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Defenders of Liberty or Champions of Security?
Federal Courts, the Hierarchy of Justice, and U.S. Foreign Policy
Defenders of Liberty or Champions of Security?
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Kirk A. Randazzo - Author
SUNY series in American Constitutionalism
Price: $55.00 
Hardcover - 138 pages
Release Date: March 2010
ISBN10: 1-4384-3047-7
ISBN13: 978-1-4384-3047-8

Quantity:  
Price: $25.95 
Paperback - 138 pages
Release Date: January 2011
ISBN10: 1-4384-3048-5
ISBN13: 978-1-4384-3048-5

Quantity:  
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Summary Read First Chapter image missing

Examines the critical role assumed by the U.S. judiciary in balancing concerns about national security with the protection of liberty after the terrorist attacks of 9/11.

The terrorist attacks of September 11, 2001, and the subsequent responses by the U.S. federal government have raised fundamental questions about civil liberties in both domestic and international laws. As a result, the U.S. judiciary, out of its responsibility for interpreting the Constitution, has assumed a crucial role in defining boundaries of domestic and foreign policy, and in balancing concerns about security with the protection of liberty. Utilizing a sophisticated blend of quantitative and qualitative analysis, Kirk A. Randazzo examines two main questions: To what extent do federal judges defend liberty or champion security when adjudicating disputes? And to what extent does the hierarchal structure of the federal judiciary influence decisions by lower court judges? There are, he argues, disturbing indications that the federal judiciary as a whole are not defenders of liberty. Furthermore, lower court judges strategically anticipate the decisions of higher courts and constrain their behavior to avoid reversal.

“This book provides a valuable insight into the decision making of US federal judges on foreign policy issues … [and] is a good starting point for further work on interactive judicial decision making.” — Political Studies Review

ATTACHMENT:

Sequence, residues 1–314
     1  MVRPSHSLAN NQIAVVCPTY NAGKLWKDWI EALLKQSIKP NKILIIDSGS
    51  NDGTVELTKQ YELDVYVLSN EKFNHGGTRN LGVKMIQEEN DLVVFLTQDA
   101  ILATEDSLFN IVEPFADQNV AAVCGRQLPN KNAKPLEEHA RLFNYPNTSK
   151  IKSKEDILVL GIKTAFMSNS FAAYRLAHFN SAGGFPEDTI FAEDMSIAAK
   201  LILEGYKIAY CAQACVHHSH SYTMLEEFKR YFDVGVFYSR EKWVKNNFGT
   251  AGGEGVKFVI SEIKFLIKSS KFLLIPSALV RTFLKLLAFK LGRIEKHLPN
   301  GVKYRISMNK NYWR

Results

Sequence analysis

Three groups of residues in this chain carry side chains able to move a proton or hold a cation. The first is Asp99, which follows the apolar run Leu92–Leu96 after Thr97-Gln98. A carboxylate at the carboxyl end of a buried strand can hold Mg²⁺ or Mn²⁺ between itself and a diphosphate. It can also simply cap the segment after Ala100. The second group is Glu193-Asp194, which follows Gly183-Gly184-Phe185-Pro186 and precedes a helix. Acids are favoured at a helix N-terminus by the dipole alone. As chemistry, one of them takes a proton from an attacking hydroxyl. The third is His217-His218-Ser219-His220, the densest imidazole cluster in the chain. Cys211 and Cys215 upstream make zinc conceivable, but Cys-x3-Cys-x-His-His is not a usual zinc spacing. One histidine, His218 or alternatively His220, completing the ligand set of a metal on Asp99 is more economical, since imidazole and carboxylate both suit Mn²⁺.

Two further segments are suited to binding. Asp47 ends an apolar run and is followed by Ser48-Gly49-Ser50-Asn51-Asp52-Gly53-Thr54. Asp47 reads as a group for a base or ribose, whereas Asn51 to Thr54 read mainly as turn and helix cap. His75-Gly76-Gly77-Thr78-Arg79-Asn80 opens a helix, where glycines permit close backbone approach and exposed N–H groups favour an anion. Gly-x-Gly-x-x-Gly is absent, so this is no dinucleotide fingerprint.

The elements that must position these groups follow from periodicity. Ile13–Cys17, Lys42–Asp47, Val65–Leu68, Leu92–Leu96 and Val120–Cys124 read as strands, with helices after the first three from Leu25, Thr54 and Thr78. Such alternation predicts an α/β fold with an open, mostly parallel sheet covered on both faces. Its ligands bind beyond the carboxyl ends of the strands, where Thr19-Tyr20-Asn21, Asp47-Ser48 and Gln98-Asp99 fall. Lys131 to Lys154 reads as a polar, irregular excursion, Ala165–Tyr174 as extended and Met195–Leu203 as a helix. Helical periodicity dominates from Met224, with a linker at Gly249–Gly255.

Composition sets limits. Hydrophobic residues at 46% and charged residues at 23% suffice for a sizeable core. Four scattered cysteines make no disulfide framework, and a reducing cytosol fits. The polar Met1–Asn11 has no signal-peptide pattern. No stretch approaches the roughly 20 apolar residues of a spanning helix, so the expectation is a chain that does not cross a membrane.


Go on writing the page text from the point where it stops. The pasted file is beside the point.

Kirk A. Randazzo is Assistant Professor of Political Science at the University of South Carolina.


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Table of Contents

List of Figures
List of Tables
Acknowledgments

Introduction
A Historical Look at the Federal Courts and U.S. Foreign Policy
The Scope of the Project
Organization of the Book

1. Theoretical Foundations
Definitions of U.S. Foreign Policy
Types of Foreign Policy Cases Adjudicated in Federal Courts
Constitutional/Legal Theories
International Relations/Foreign Policy Theories
Theories of Judicial Politics
Conclusions

2. Individual Examinations
The Paradox of Foreign Affairs Litigation
Theoretical Expectations
Research Design and Methods
Empirical Results
Conclusions

3. The Hierarchy of Justice and the Courts of Appeals
Historical Development of the Federal Judiciary
Theories of Judicial Compliance and Structural Hierarchies
Formal Model of Appeals Court Decision Making
Research Design and Methods
Empirical Results
Conclusions

4. The Hierarchy of Justice and the District Courts
Historical Development of the District Courts
Policy Making in a Judicial Hierarchy
Formal Model of District Court Decision Making
Research Design and Methods
Empirical Results
Conclusions

5. Defenders of Liberty or Champions of Security?
Analytical Contributions
Civil Liberties Protection in a Post-September 11 Environment
Quantitative Analysis of Lower Courts
Qualitative Analysis of the Supreme Court
Conclusions

Appendices
Appendix One: Coding Rules
Appendix Two: Litigant Codes
Appendix Three: Issue Codes
Notes
References
Index


Related Subjects
49606/49607(GD/RP/MC)

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